by Rudra Reddy
Entering Thursday’s debate, the Trump campaign faced two challenges: getting the President’s points past the moderator and avoiding ill-advised interruptions that cut into Biden’s string of bland platitudes.
Not only did President Trump avoid those pitfalls, but Joe Biden committed himself to policy positions that appeal to nobody outside community organizing collectives and tenured college faculty. In the past few months, the Biden campaign has made a concerted effort to distance their candidate from the progressive positions he took during the primary. All of a sudden, Joe Biden could not remember a time when he called to ban fracking. Similarly, he remembered his principled opposition to the Green New Deal – despite that it is mentioned on his campaign website and his environmental policy derives heavily from it. However, with some skillful needling by President Trump in Thursday’s debate, Biden fell back into advocating for radical policy prescriptions that will hurt his electoral prospect.
While most of the post-debate coverage focused on Biden’s comments on energy, his most egregious statement came in the segment on immigration.
“Within 100 days, I’m going to send to the United States Congress a pathway to citizenship for over 11 million undocumented people,” Biden said. “And all of those so-called DREAMers, those DACA kids, they’re going to be immediately certified to be able to stay in this country and put on a path to citizenship.”
“We owe them, we owe them,” Biden said, referring to people in the US illegally.
It is essential to clarify that nothing is owed to people who violate American immigration law, defying American sovereignty in the process. Even in a pre-pandemic era, proposing an amnesty for 11 million immigrants in the country illegally should be politically disqualifying.
Naturalizing 11 million new American citizens would imply granting citizenship to a bloc of people larger than the total population of more than 40 American states and territories – even if one does not include other migrants who could apply for permanent residency through chain migration. To reward blatant criminality in this manner would set up a permanent incentive for illegal immigration, making a mockery of American law.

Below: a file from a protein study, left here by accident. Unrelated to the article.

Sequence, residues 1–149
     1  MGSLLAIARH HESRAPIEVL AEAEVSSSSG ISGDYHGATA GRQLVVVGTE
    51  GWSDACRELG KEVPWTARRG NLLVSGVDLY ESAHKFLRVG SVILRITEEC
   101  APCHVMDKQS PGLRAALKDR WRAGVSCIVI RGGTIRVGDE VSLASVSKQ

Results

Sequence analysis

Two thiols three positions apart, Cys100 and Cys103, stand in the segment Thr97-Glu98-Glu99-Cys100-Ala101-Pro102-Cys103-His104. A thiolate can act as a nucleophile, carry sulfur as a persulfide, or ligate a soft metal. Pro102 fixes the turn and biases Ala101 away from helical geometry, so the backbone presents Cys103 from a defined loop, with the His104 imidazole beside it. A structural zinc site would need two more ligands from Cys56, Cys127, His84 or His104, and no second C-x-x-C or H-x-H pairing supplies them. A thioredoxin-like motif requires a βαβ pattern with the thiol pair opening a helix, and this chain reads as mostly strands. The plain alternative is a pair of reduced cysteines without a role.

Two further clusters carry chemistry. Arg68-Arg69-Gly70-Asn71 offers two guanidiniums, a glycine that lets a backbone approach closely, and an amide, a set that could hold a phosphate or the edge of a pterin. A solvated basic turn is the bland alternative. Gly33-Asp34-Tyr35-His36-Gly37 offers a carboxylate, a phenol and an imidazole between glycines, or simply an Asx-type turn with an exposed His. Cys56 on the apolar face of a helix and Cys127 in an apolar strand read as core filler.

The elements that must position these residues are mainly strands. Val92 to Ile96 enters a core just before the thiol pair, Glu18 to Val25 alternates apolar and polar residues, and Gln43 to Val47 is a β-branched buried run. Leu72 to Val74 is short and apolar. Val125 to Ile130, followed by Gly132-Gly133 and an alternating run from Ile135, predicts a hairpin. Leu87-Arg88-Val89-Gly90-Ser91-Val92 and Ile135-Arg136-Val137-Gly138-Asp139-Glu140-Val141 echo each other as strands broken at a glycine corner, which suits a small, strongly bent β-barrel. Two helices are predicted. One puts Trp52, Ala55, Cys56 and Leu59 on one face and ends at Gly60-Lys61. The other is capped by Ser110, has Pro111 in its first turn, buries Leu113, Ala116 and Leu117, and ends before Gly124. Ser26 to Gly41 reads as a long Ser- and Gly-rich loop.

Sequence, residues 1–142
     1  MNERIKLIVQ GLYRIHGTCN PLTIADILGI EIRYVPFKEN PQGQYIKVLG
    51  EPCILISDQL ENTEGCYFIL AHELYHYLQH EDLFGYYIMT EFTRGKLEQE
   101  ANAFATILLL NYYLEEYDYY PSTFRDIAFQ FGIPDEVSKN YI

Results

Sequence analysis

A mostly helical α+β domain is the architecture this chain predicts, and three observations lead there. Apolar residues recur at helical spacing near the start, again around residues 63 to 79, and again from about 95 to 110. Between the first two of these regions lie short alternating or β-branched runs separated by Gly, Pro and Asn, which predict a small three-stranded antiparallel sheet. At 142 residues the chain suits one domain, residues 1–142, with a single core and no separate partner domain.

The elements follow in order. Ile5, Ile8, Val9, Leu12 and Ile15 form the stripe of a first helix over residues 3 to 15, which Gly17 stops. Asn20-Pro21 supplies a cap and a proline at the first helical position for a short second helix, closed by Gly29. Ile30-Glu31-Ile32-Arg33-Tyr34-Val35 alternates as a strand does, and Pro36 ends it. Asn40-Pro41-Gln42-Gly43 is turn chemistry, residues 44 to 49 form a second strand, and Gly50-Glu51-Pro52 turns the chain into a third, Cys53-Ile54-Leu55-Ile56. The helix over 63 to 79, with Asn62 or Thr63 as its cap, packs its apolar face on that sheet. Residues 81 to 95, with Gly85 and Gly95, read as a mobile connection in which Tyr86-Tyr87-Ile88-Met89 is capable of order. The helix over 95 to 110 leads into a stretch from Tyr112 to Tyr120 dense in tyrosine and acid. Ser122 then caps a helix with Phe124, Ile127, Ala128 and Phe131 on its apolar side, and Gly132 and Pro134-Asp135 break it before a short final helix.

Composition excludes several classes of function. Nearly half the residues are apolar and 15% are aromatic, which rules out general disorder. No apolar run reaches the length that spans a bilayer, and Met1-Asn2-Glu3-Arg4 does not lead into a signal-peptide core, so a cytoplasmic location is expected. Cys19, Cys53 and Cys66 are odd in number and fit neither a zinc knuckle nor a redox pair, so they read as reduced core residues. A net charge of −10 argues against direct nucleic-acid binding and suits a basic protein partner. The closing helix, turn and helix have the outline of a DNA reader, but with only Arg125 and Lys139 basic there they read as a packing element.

However, as America remains gripped by a pandemic, this policy position is morally unconscionable. As more than 10 million working-age Americans remain unemployed owing to the lockdowns caused by the pandemic, giving work authorization to millions of illegal workers to compete for the same jobs is pure insanity. Even aside from the implications of a mass amnesty on unemployment rates, the cost of providing health care benefits to immigrants in the country illegally is estimated to be around $23 billion as per a study conducted by the Center for Immigration Studies. By allowing for such extraordinary costs to be imposed on American workers and taxpayers, Biden must believe that America owes a large debt to people who have broken its laws. However, any individual who wishes to be within 100 feet of the White House must believe that the obligations that American politicians have towards American workers must exceed those to people here illegally.
In addition to his immigration policies, Biden also drew considerable flak for his comments on energy policy. Specifically, he furiously claimed that he never called for a fracking ban and challenged President Trump to upload a video showing otherwise on his website. The Trump campaign promptly obliged by putting up the following excerpt from a CNN Democratic primary debate in July 2019.
Dana Bash: “Thank you, Mr. Vice President. Just to clarify, would there be any place for fossil fuels, including coal and fracking, in a Biden administration?”
Biden: “No, we would–we would work it out. We would make sure it’s eliminated and no more subsidies for either one of those, either–any fossil fuel.”
Despite his characteristic incoherence, the fact that he called for an end to fracking is indisputable. It is obvious that Biden was attempting to play to the environmentalist Left by advocating for a fracking ban in the Democratic primary. Now that he needs oil and coal energy workers in Pennsylvania to put together a path to the presidency, he pretends that his previous comments on the subjects were never uttered. That being said, his reversal on fracking was so blatant, even CNN, hardly a right-wing bastion, had to issue a fact-check of Biden’s comments.
If this was not enough, Biden then proceeded to detail his plans to transition the country away from fossil fuels to renewable energy. Almost immediately, one could imagine thousands of blue-collar workers working in the energy sector in states such as Texas, New Mexico and Pennsylvania thinking twice about their vote for Biden.
President Trump shrewdly made him elaborate on his offhand comment to lay out his plan to shove the hundreds of thousands of Americans employed by the productive American energy sector into unemployment.
Following the debate, the Biden campaign was forced to attempt damage control, with surrogates claiming that all Biden wanted was to eliminate subsidies for the fossil fuel industry.
Overall, President Trump was composed and avoided making too many interruptions. Unfortunately for Biden’s campaign, the former vice president was goaded into embracing the radical policy positions that made him palatable to the Democratic primary electorate.
In front of a more skeptical general election electorate, Biden would do well to push his dismal debate performance into the deepest recesses of the news cycle.